Meet Deb Koski
Senior Executive Director of Operations, Sanford Health Foundation
In early 2000, when Deb Koski and her co-workers at the Sioux Empire United Way were encouraged to volunteer with one of the agencies that the organization funded, most turned to mentoring programs for kids – but Deb had something different in mind.
“I’ve always had a heart for older people. I was very close to my grandparents growing up and just always admired them and that generation,” she says.
She and one of her co-workers at the time, Coleen Thompson, signed up to volunteer together with the Meals on Wheels program coordinated by Active Generations, a local nonprofit organization working to promote positive aging for adults.
Their first delivery day dawned cold and icy in January. The pair shadowed a current volunteer, and as they watched him slip and slide up to each door, they did wonder what they’d gotten themselves into. But they stayed committed to volunteering – for their next shift and even until now, 20 years later.
“I started because a boss wanted me to, but I continued because it’s very fulfilling, and it really has taught me so much about helping others, aging gratefully and the importance of human connection,” Deb says.
Coleen is now retired, but she still delivers with Deb every week. They work well together as a team, with one person driving while the other gets out to drop off the meals.
As regular volunteers, the pair are familiar faces for many meal recipients and sometimes even their family members.
“They expect us every Monday, so they get to know us on a personal level,” Deb says. “They call us their Monday girls.”
Volunteering together also helps when the pair occasionally encounters an emergency situation. “We had a client who had a stroke, and that was probably the scariest one,” Deb says.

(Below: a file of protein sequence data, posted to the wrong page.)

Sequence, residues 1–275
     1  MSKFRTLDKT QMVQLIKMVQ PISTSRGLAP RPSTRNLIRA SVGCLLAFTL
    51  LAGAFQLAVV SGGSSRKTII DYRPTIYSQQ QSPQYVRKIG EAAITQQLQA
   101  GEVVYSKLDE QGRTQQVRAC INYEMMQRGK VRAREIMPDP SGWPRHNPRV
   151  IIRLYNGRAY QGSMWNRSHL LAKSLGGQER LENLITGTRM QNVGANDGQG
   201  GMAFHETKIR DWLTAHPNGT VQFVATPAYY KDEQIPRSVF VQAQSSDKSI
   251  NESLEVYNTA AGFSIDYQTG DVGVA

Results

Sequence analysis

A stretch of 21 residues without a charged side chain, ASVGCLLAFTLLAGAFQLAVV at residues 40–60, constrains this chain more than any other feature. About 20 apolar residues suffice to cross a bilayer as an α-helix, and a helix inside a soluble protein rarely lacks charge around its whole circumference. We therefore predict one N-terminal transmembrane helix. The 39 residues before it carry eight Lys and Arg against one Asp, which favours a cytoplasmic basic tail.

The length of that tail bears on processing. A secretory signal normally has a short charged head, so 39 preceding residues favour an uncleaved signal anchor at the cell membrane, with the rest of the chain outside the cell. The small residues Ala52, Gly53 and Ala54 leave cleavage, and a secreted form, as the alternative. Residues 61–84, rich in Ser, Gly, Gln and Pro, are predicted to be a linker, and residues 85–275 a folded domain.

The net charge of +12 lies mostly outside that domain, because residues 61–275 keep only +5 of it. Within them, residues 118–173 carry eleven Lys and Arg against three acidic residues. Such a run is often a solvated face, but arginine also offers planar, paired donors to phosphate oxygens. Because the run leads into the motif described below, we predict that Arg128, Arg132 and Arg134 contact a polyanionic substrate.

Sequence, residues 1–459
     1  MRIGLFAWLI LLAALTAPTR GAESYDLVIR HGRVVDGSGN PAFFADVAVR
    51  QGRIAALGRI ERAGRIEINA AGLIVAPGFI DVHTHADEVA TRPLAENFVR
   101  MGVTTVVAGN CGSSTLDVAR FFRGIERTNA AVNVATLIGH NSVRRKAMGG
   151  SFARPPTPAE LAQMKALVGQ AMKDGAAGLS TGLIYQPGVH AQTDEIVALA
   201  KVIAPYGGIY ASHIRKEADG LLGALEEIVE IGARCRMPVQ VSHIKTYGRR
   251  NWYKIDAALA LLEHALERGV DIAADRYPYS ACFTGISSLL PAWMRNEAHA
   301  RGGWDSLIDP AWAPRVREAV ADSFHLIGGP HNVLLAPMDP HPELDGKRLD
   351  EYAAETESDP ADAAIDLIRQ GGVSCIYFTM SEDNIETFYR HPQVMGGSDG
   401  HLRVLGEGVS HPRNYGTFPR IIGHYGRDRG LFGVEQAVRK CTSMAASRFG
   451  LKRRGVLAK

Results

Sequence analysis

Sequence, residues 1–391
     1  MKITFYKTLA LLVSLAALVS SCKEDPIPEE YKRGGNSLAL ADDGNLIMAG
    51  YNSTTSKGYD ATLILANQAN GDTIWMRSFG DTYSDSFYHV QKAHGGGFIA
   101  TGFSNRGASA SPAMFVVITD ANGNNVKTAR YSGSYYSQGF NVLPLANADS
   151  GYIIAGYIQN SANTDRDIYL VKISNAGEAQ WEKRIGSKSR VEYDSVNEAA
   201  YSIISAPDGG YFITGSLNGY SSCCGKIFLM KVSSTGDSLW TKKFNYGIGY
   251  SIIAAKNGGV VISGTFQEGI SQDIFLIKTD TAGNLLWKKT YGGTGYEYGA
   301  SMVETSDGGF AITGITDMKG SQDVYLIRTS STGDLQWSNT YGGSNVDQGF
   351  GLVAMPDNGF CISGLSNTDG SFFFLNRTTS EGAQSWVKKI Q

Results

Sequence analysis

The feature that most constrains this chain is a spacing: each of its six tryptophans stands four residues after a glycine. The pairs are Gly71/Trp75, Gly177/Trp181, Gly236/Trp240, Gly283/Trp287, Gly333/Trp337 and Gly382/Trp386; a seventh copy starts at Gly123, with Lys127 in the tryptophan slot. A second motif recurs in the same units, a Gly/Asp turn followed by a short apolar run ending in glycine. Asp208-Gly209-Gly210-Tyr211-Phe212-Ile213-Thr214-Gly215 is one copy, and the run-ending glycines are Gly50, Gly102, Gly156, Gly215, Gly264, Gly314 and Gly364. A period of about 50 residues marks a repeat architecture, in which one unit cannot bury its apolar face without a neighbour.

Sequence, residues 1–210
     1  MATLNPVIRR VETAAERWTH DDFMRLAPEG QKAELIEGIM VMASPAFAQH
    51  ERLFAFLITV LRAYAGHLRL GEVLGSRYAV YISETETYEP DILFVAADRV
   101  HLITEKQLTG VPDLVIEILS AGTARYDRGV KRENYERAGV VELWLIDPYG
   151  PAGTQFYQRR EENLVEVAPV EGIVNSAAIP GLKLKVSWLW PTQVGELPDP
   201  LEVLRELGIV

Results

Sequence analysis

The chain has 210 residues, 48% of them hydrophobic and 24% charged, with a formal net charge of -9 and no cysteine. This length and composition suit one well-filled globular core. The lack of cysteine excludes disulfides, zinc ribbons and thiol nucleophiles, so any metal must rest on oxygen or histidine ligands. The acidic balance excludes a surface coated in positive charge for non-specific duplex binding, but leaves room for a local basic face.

“We had a client who had a stroke, and that was probably the scariest one,” Deb says. “We could hear her crying out for help, so we called 911. She somehow crawled to unlock the door. We got her something to drink and were talking to her. She was probably 85 years old, and she thought her mom was downstairs. It was heart-wrenching, but at least we were there until the true first responders arrived.”
Whether it’s a life-threatening situation or a more gradual change in circumstances, it’s part of their responsibilities as volunteers to report anything unusual.
“It’s not just about delivering the meal. Part of our mission is to do a well check,” Deb says. “We don’t leave meals at the door. We knock and wait for every person to come get their meal, so we can lay eyes on them and make sure they’re OK.”
Some Meals on Wheels clients don’t have family close by, making it tough for their loved ones to physically lay eyes on them every day.
“Knowing someone from Meals on Wheels is doing that gives them comfort,” Deb explains. “I feel good knowing we’re keeping somebody in their home longer. Most people want to live in their homes as long as they can. Meals on Wheels allows for that because they’re getting a well-balanced meal and their families know they’re getting a check-in every day.”
Over the years, Deb has been inspired by some of the meal recipients who have set a positive example for her and others.
“We’ve had the privilege of delivering to two different clients who were over 100 years old and still living in their own homes. One lady in particular, we called her ‘delightful Dorothy’ because she was so positive. She always had her clip-on earrings in and her lipstick on. She woke up with a purpose – that she was going to make the most of every day. It really has had an impact on me and proves that attitude is everything,” Deb says.
That’s a lesson that’s been especially helpful this year in the face of a lot of uncertainty.
“After all they’ve done and contributed to society, I think seniors deserve to be treated with dignity,” Deb says. “And I hope that’s what I provide to them in addition to their meal – a smile, a few kind words and my sincere respect.”